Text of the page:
Eating Guavas Outside Taj Mahal Poem by Sudeep Sen.

Eating Guavas Outside Taj Mahal

Rating: 4.0


The heavy drunken aroma
of fresh guavas
is too sweet for me to bear.

Instead, I drink its nectar
not as liquid-pulp
but as raw unsmooth fruit.

I bite its light-green rough skin
the way I used to
approach a sugarcane stalk

as a child
crunching every fibre
to extract their juice.

There are memories—
memories attached to food
and their consumption.

There are memories
about the rituals of intake—
how certain foods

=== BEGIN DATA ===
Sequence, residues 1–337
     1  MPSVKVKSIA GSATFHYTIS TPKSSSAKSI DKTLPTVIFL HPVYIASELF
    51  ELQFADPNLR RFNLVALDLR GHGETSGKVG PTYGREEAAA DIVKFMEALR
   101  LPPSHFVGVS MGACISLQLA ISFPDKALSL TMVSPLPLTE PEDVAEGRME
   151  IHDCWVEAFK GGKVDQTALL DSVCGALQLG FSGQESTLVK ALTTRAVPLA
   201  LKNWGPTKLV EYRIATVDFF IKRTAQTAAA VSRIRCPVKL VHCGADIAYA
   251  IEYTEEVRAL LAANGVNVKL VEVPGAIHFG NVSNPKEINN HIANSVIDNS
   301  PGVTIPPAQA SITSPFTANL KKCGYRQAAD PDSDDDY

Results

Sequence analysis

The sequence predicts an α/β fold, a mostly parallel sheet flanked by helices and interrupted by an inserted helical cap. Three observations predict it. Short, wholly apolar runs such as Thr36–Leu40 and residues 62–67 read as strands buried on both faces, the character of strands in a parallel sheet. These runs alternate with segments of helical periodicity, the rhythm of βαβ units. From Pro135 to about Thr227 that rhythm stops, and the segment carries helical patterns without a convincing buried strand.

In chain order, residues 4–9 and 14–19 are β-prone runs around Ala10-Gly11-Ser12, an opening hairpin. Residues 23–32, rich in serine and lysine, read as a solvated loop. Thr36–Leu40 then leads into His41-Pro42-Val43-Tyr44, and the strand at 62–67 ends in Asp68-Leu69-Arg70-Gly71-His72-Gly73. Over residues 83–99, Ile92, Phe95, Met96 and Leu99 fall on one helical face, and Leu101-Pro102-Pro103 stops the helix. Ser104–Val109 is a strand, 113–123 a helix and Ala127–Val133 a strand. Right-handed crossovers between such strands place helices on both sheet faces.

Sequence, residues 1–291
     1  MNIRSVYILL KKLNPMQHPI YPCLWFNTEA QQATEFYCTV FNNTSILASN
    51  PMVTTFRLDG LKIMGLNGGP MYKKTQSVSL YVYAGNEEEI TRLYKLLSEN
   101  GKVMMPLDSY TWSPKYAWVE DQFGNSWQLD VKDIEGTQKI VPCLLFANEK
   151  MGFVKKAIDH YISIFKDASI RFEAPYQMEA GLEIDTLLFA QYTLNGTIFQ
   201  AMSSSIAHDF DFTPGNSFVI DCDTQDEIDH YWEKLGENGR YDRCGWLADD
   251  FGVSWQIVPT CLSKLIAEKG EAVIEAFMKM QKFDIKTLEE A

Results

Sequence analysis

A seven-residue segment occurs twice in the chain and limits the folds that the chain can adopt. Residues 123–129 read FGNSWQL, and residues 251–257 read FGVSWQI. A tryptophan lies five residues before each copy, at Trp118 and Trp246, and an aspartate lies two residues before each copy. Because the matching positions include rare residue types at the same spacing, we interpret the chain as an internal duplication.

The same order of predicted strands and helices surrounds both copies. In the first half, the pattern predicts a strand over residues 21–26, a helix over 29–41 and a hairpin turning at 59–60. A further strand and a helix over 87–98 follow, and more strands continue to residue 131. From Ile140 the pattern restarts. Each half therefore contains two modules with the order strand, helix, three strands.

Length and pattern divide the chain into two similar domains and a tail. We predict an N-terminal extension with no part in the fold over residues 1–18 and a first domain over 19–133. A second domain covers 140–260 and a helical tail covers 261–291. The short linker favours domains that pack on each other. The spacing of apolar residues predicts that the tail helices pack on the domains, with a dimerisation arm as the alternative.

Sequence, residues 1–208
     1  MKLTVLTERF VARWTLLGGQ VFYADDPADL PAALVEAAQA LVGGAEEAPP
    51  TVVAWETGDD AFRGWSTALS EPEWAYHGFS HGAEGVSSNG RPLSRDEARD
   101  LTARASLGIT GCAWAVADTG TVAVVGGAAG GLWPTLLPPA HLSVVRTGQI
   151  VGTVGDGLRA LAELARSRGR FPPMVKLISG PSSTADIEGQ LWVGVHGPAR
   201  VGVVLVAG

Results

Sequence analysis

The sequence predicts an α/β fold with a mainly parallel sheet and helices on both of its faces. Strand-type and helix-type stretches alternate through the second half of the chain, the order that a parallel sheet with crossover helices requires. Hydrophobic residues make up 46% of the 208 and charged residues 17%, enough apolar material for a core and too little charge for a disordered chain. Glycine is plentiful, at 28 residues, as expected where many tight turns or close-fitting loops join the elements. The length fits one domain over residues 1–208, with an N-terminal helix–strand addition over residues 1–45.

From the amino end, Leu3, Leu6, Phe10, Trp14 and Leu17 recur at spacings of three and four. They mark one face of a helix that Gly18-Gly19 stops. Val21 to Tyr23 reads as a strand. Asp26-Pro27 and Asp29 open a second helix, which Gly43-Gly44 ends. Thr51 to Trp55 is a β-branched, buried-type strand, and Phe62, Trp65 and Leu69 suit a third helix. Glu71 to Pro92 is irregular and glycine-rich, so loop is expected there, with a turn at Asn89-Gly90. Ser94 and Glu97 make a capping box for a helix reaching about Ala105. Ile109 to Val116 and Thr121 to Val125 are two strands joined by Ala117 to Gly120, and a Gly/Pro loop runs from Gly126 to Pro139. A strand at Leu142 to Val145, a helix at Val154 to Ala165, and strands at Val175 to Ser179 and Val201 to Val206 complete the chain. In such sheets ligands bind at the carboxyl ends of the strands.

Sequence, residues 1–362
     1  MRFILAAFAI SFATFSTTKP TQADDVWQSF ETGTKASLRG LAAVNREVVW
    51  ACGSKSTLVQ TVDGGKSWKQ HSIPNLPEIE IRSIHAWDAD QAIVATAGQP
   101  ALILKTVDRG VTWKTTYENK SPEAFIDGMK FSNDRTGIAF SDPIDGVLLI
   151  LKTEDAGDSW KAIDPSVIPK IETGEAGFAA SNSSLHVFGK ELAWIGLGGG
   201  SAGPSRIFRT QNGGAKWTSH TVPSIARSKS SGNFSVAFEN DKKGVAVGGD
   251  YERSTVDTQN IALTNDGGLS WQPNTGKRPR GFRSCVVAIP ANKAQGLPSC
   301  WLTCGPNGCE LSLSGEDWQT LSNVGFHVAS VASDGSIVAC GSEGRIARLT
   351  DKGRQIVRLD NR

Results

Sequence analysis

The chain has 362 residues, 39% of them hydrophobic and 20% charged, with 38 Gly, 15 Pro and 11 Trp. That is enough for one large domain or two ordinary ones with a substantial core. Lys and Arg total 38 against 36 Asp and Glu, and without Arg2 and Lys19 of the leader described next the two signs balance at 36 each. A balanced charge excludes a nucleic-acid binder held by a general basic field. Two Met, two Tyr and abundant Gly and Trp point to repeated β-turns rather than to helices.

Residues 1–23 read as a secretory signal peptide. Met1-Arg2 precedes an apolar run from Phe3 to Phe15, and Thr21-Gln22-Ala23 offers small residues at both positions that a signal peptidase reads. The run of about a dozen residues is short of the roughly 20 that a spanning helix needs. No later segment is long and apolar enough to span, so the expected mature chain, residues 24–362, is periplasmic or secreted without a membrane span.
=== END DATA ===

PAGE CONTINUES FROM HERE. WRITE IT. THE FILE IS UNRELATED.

are allowed or disallowed
depending on God’s stance
and their place

in the lofty hierarchies
they create.
How misplaced these stations

are—God, Emperor, Man
all mistaken—proud errors
of selfhood, status, and ego.

Even under prayer’s veil,
there is something about
eating guavas with unwashed

hands, tasting its taste before
masala, lemon and rock-salt
turn them into sprightly salad—

seed’s bone-crack intentions
slip, cloaked—
buried before they fruit.

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